Sunday, August 31, 2014

Weekly Top Five: The best of film noir

Posted By on 08.31.14 at 12:30 PM

Detour
  • Detour
Noir City, the Music Box's annual series of rare and nearly impossible-to-find film noir, is in full sway. (If you haven't yet, make sure to read J.R. Jones's rundown from this week's paper.) This year the program features a selection of foreign titles, a welcome deviation from tradition that further supports the idea that noir wasn't an exclusively American phenomenon. Among the most distinct film genres, noir isn't defined in the same manner as the western or the melodrama—there's something less tangible, more amorphous about noir—which explains why it's sort of an umbrella category that unites various subgenres and seemingly divergent films. (It's why such disparate films as They Live by Night and Sweet Smell of Success can both be considered noir.) Below, you can find my five favorite noir films.

5. The Big Heat (dir. Fritz Lang, 1953) Lang made a string of superlative noirs in the 1950s, but this one towers above them all, a blistering gangster drama focused on the thin line between lawfulness and criminality. Glenn Ford, in a terrific performance, is the ultimate Langian protagonist, dogged in his fight against fate and the existential crisis at hand. Just as good is Gloria Grahame, a tragic figure only because she's slightly less corrupt than her peers. This one belongs to the canon at this point, but its audacity hasn't wavered—the coffee scene is still a shocker, no matter how many times you see it.

4. Behind Locked Doors, aka The Human Gorilla (dir. Budd Boetticher, 1948) A quick, pulsating little noir from B master Budd Boetticher, Behind Locked Doors belongs to the "asylum" subgenre that includes Val Lewton and Mark Robson's Bedlam and Sam Fuller's Shock Corridor. Asylums prove an ideal metaphor for such noir themes as isolation and entrapment, but rather than rest on idle symbolism Boetticher transforms the setting by treating it like some sort of Kafkaesque labyrinth. Even by Boetticher's standards, this isn't a perfect film—he made plenty that are better—but it's as stylish as noir gets, and Tor Johnson is memorable in his uncredited performance as "The Champ," a violent patient who assaults anyone who enters his room.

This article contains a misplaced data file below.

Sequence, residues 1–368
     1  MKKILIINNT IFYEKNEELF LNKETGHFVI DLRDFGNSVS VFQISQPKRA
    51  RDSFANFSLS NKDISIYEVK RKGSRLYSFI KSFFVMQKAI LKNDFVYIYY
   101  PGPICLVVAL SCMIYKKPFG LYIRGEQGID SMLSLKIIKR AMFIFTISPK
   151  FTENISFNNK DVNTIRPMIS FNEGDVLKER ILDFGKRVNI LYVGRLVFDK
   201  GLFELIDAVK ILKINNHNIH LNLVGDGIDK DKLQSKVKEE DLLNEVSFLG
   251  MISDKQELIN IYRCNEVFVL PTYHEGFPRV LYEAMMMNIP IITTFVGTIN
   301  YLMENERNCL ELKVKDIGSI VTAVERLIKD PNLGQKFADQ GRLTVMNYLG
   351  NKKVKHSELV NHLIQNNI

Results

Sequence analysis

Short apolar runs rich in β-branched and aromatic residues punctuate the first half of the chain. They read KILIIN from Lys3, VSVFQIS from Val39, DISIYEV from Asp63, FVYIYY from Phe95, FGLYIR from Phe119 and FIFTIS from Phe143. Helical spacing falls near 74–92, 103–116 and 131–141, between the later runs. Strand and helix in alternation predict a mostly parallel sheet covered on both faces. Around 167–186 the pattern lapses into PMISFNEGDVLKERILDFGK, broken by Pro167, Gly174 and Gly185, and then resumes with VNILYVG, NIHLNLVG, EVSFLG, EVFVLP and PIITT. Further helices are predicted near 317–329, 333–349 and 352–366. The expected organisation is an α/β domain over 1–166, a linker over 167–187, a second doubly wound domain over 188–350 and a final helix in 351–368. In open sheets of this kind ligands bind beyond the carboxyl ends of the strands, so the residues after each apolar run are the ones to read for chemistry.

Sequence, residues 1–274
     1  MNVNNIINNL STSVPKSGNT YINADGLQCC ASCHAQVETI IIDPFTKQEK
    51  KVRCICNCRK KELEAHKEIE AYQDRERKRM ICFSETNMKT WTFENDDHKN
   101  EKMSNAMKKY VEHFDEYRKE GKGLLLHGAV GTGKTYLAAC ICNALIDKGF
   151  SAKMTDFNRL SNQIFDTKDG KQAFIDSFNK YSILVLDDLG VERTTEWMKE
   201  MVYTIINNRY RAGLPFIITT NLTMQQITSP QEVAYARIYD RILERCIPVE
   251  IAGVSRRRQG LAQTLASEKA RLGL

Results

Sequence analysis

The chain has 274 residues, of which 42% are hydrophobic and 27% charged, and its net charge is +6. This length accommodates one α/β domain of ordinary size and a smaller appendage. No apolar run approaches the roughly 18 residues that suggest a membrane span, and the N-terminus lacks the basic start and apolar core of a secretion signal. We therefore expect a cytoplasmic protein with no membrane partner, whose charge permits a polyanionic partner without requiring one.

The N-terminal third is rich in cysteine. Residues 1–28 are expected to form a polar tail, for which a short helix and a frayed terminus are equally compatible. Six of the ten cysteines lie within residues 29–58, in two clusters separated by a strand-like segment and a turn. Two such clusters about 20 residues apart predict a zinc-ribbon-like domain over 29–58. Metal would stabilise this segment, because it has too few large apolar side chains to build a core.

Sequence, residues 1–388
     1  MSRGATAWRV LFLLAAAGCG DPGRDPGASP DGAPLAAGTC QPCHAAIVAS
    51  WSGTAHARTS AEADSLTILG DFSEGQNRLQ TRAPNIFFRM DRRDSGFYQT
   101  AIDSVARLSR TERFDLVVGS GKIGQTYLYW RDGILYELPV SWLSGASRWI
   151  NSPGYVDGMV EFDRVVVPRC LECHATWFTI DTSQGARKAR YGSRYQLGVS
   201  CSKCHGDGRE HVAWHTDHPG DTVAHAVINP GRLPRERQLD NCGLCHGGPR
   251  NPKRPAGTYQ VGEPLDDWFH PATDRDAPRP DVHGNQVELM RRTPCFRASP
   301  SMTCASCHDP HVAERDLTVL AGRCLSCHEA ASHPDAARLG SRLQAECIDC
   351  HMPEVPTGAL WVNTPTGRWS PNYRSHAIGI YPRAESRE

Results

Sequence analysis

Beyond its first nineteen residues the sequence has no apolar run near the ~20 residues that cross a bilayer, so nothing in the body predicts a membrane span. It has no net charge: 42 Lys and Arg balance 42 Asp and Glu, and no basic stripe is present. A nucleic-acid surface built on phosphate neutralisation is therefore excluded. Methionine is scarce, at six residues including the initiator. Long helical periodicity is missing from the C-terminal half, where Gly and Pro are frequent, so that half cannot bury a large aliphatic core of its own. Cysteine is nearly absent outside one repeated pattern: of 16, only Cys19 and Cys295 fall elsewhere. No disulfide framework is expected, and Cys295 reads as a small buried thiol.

3. 99 River Street (dir. Phil Karlson, 1953) An accomplished stylist whose deeply personal films resonated with sharp social commentary, Karlson is among those underappreciated B directors who made up for their lack of interest in narrative cohesion by imbuing their films with strong personality and vivid characterizations. Revenge is among the director's pet themes, and it's also a central concept of noir. His films survey the personal and even spiritual cost of vengeance; here, a former boxer hunts down his wife's killer and finds himself caught up in a cycle of violence he's unable to escape.

2. The Big Night (dir. Joseph Losey, 1951) Fresh off its Chicago premiere courtesy of the Northwest Chicago Film Society, Losey's remake of Fritz Lang's M (1951) is featured in this year's Noir City slate. Though you shouldn't hesitate to see that film (it screens on Thu 9/4 at 5 PM), The Big Night (made in the same year) is the pinnacle of Lang's brief American period. This has all the makings of a classic noir: it's stylish, pessimistic, and focused on the inevitability of violence, but it also benefits from Losey's heightened social awareness. The critical, left-leaning comments on racism and sexism in his work put him on the blacklist, but thankfully, he left behind a powerful (albeit small) body of work that artfully illustrates the postwar, pre-Civil Rights America psyche.

1. Detour (dir. Edgar G. Ulmer, 1945) A masterpiece of Poverty Row, Roger Ebert called this film "the guilty soul of film noir." Detour is that rare film whose brevity somehow communicates a tome's worth of ideas and themes. The staging is bare-bones—Ulmer used a total of four sets (three interior, one exterior) and used stock footage and rear projection for everything else—and the narrative is stripped to virtually nothing, so all that exists is a creeping, paranoid mood and deep sense of alienation. How Ulmer achieved so much with so little is something of a marvel, but credit the milieu's deliberate artificiality and the unconventional, oddly stilted performances. This is one of very few films rightly described as a "fever dream."

Tags: , , , , , , , , , , , , , , ,

Comments

Subscribe to this thread:

Add a comment

More by Drew Hunt

Agenda Teaser

Performing Arts
Cymbeline The Factory Theater
January 13
Performing Arts
The Invention of Morel Studebaker Theater
February 18

Tabbed Event Search

The Bleader Archive

Popular Stories